As per reports by The Irish Times, Even the Cabinet, the executive part of the authorities of Ireland, has approved a bill that could contribute to the European Union (EU) Fifth Anti-Money Laundering (AML) Directive.
The directive that came to force on July 9, 2018, places a new legal framework for European fiscal watchdogs to control digital currencies so as to safeguard against money laundering and terrorism funding.
In particular, the directive will expand the range to crypto platforms and pocket suppliers, finish the anonymity of savings and bank accounts, and enhance information exchange among governments. EU member nations need to incorporate the directive in their respective national laws by Jan. 20, 2020.
Along with understanding the EU directive, the Criminal Justice (Money Laundering and Terrorist Financing) (Amendment) Bill 2019 would toughen present laws, for example, use of virtual monies for terrorist funding and restricting using prepaid cards.
Minister of Justice Charlie Flanagan stated:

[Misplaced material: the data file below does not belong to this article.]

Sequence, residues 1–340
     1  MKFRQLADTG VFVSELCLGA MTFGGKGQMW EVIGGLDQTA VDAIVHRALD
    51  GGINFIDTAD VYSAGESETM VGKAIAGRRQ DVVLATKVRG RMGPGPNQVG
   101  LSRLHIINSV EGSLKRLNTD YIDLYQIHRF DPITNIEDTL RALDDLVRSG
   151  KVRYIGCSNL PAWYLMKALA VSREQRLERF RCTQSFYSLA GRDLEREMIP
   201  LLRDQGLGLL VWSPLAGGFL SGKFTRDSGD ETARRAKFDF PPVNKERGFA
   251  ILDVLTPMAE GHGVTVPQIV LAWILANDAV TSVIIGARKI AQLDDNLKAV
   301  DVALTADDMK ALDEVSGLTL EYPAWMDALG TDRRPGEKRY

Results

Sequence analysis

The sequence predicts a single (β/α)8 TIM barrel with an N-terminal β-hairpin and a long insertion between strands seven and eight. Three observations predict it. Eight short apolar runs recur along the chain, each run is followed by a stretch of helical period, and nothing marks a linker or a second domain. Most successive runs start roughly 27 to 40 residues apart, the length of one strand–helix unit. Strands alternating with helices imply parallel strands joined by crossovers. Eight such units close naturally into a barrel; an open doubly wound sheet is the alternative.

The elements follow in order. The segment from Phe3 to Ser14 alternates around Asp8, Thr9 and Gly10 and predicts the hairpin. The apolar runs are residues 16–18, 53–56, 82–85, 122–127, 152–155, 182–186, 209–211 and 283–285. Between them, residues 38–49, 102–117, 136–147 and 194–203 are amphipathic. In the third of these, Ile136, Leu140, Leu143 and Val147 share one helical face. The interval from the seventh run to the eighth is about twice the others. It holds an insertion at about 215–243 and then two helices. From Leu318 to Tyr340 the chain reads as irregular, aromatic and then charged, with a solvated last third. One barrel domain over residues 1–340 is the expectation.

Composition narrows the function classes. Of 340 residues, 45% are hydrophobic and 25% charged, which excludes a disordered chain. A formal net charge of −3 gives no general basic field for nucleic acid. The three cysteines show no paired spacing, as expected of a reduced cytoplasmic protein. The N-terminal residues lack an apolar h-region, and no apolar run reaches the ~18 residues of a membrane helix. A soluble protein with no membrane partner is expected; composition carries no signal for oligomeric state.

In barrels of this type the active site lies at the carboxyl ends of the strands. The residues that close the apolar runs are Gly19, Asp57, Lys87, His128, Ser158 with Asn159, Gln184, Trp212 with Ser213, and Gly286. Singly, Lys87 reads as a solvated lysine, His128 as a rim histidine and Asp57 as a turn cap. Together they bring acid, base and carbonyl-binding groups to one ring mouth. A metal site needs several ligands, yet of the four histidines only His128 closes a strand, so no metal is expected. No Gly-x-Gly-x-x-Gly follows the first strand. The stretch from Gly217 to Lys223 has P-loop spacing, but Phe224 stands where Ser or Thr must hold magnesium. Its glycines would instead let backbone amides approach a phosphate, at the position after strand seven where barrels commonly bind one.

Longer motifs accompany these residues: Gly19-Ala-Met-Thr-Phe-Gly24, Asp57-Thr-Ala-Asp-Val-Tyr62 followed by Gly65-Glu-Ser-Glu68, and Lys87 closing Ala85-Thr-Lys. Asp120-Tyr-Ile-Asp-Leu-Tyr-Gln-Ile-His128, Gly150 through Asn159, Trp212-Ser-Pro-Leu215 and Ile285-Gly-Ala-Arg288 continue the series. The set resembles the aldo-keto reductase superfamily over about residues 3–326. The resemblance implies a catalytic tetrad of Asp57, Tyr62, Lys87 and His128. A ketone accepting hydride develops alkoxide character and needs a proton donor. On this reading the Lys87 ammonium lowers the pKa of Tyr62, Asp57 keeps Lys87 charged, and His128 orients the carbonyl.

“The reality is that money laundering is a crime that helps serious criminals and terrorists to function, destroying lives in the process… Criminals seek to exploit the EU’s open borders and EU-wide measures are vital for that reason. Ireland strongly supports the provisions in the fifth EU money laundering directive. ‘’
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If the bill passes, financial institutions will be asked to perform stricter due diligence with regard to new customers and could be banned from opening anonymous secure deposit boxes. Furthermore, the bill will allegedly allow the Garda and the Criminal Assets Bureau to get lender records from the plan of money laundering investigations.
Last month, the European Union Blockchain Observatory and Forum created a case for electronic versions of foreign monies on a blockchain, saying:
“Putting digital versions of national currencies on the blockchain means they could then become integral parts of smart contracts. That would unlock much of the potential innovation of blockchain by allowing parties to create automated agreements, including direct transactions in these currencies, instead of having to use a cryptocurrency as a proxy.”
Also in December, crypto-friendly fintech startup Revolut acquired an EU banking permit through the Bank of Lithuania. Revolut’s users at the United Kingdom, France, Germany, and Poland are predicted to acquire a”true present account along with also a non-prepaid debit card” Furthermore, consumers’ deposits are also insured up to $100,000 (roughly $113,500) underneath the European Deposit Insurance Scheme.